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TSH and FT4 reference interval recommendations and prevalence of gestational thyroid dysfunction: quantification of current diagnostic approaches

Osinga, Joris A. J., Derakhshan, Arash, Feldt-Rasmussen, Ulla, Huang, Kun, Vrijkotte, Tanja G. M., Männistö, Tuija, Bassols, Judit, López-Bermejo, Abel, Aminorroaya, Ashraf, Vafeiadi, Marina, Broeren, Maarten A. C., Palomaki, Glenn E., Ashoor, Ghalia, Chen, Liangmiao, Lu, Xuemian, Taylor, Peter N. ORCID:, Tao, Fang-Biao, Brown, Suzanne J., Sitoris, Georgiana, Chatzi, Lida, Vaidya, Bijay, Popova, Polina V., Vasukova, Elena A., Kianpour, Maryam, Suvanto, Eila, Grineva, Elena N., Hattersley, Andrew, Pop, Victor J. M., Nelson, Scott M., Walsh, John P., Nicolaides, Kypros H., D'Alton, Mary E., Poppe, Kris G., Chaker, Layal, Bliddal, Sofie and Korevaar, Tim I. M. 2024. TSH and FT4 reference interval recommendations and prevalence of gestational thyroid dysfunction: quantification of current diagnostic approaches. The Journal of Clinical Endocrinology & Metabolism 109 (3) , pp. 868-878. 10.1210/clinem/dgad564

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Context Guidelines recommend use of population- and trimester-specific TSH and FT4 reference intervals (RIs) in pregnancy. Since these are often unavailable, clinicians frequently rely on alternative diagnostic strategies. We sought to quantify the diagnostic consequences of current recommendations. Methods We included cohorts participating in the Consortium on Thyroid and Pregnancy. Different approaches were used to define RIs: a TSH fixed upper limit of 4.0 mU/L (fixed limit approach), a fixed subtraction from the upper limit for TSH of 0.5 mU/L (subtraction approach) and using non-pregnancy RIs. Outcome measures were sensitivity and false discovery rate (FDR) of women for whom levothyroxine treatment was indicated and those for whom treatment would be considered according to international guidelines. Results The study population comprised 52,496 participants from 18 cohorts. Compared to the use of trimester-specific reference intervals, alternative approaches had a low sensitivity (0.63-0.82) and high FDR (0.11-0.35) to detect women with a treatment indication or consideration. Sensitivity and FDR to detect a treatment indication in the first trimester were similar between the fixed limit, subtraction and non-pregnancy approach (0.77-0.11 vs 0.74-0.16 vs 0.60-0.11). The diagnostic performance to detect overt hypothyroidism, isolated hypothyroxinemia and (sub)clinical hyperthyroidism mainly varied between FT4 RI approaches, while the diagnostic performance to detect subclinical hypothyroidism varied between the applied TSH RI approaches. Conclusion Alternative approaches to define RIs for TSH and FT4 in pregnancy result in considerable over- and underdiagnosis compared with population- and trimester-specific RIs. Additional strategies need to be explored to optimize identification of thyroid dysfunction during pregnancy.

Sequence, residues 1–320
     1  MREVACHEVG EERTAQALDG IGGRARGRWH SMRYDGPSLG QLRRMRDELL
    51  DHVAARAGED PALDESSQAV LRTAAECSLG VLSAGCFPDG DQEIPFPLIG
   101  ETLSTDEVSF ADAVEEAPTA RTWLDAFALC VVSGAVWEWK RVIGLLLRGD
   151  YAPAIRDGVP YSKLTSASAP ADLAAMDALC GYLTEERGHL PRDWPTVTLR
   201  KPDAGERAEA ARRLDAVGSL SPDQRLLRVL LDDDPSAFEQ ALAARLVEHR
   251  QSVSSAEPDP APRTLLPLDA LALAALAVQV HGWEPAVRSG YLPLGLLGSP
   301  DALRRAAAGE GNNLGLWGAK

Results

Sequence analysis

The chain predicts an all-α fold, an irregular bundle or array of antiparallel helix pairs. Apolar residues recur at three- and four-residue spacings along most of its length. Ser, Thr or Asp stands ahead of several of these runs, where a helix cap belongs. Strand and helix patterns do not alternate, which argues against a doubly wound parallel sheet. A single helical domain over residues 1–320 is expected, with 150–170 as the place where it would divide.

Item Type: Article
Date Type: Publication
Status: Published
Schools: Medicine
Publisher: Oxford University Press
ISSN: 0021-972X
Date of First Compliant Deposit: 5 October 2023
Date of Acceptance: 21 September 2023
Last Modified: 06 Mar 2024 15:03

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